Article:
When it comes to gems the hidden ones are often stories, not stones. Welcome to Demystified, where we look beyond the jewelry box, past our closets, and into the depths of our most cherished possessions to reveal their cross-cultural significance.
The holiday season is that delectable, best-for-last slice of the annual pie sometimes served with a side of squall and always topped with tradition. We may love the advent calendar countdowns, matching onesies, and Mariah Carey ballads just as much as the next eggnog-guzzling nut, but we're hitting pause on the festivities to find out why being urged to kiss someone if you've stumbled under a parasitic little plant known as the mistletoe is a thing. Tiny as it might be, the plant has a layered history chronicled in legends from Norse, Greek, Roman, Christian, and Druidic mythology — many of which have contributed to the blossoming of this sometimes awkward Yuletide ritual.
"Due to the links with sex, it doesn’t take too much imagination to see how a kissing tradition has grown up around the plant," says Simon Costin, director of the Museum of British Folklore and the Museum of Witchcraft and Magic. To the Celts, he explains, mistletoe berries were known as the semen of the thunder god while ancient Greeks referred to them as oak sperm. In the Middle Ages, decorations called kissing boughs were made from holly-covered hoops with a sprig of mistletoe tied below. By the 18th and 19th centuries, the plant became a novel way for people to steal a kiss and predict who their future partners might be at Christmas — but with limitations. For each peck, a berry was removed. No more berries, no more kisses.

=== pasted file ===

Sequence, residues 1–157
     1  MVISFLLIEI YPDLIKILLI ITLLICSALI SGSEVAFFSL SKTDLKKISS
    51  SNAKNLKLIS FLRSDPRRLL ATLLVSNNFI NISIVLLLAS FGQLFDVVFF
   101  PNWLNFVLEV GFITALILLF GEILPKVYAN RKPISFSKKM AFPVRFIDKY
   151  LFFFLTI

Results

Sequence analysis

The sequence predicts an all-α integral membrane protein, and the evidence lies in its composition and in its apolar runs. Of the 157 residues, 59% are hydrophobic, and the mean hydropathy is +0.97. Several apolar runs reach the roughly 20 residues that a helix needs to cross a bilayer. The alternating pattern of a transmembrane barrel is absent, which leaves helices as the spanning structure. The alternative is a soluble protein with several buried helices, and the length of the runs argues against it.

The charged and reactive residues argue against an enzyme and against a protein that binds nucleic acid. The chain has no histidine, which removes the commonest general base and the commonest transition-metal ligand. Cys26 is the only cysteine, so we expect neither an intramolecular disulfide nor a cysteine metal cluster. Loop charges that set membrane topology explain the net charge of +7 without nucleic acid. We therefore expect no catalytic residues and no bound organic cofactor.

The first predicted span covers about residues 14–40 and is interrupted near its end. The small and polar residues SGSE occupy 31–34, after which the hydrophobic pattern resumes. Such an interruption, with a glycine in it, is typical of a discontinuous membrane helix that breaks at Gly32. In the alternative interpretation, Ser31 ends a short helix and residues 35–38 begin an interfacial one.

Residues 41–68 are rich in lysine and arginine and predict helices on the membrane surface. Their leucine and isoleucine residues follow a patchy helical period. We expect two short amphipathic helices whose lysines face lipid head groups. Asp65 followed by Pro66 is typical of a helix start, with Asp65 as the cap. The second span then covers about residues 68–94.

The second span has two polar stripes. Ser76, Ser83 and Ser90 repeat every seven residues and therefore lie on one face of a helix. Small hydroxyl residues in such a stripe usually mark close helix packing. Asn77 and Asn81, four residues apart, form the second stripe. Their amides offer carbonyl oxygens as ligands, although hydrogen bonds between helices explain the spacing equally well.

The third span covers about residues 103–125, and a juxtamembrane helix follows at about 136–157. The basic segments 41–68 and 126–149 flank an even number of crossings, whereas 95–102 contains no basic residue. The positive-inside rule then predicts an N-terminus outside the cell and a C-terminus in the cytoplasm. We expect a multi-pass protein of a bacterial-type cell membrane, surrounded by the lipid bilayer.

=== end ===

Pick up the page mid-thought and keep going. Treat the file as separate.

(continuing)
But the mistletoe is far more than the decorative fixture it's become known as today and can actually be extraordinarily powerful depending on where you get it from. There are over 1,500 species of mistletoe, some of which are toxic and can cause blurred vision, vomiting, and even cardiac arrest (and here we thought compulsory public holiday smooching was enough to induce feelings of nausea). In Norse mythology, it was a symbol of peace and friendship, and the plant has been used medicinally in Europe for centuries when treating epilepsy, infertility, hypertension, and arthritis. In recent years, according to Costin, it has even been integrated into clinical trials for cancer treatment albeit not so successfully. "Although some trials indicated that mistletoe improved survival or quality of life," he says, "almost all of the trials had major weaknesses that raise doubts about their findings."
The varied meaning and functions of the mistletoe explain why you can find it crawling along the border of a dainty stationery set as well as in jewelry boxes and on the ingredient list for luxe immunity-boosting droplets. So even if, like us, you'll never be on board with the whole pushy kissing custom, we urge you not to entirely disregard this compelling form of greenery. Ahead, discover our roundup of unexpected mistletoe products that we promise won't result in any unwanted physical contact.
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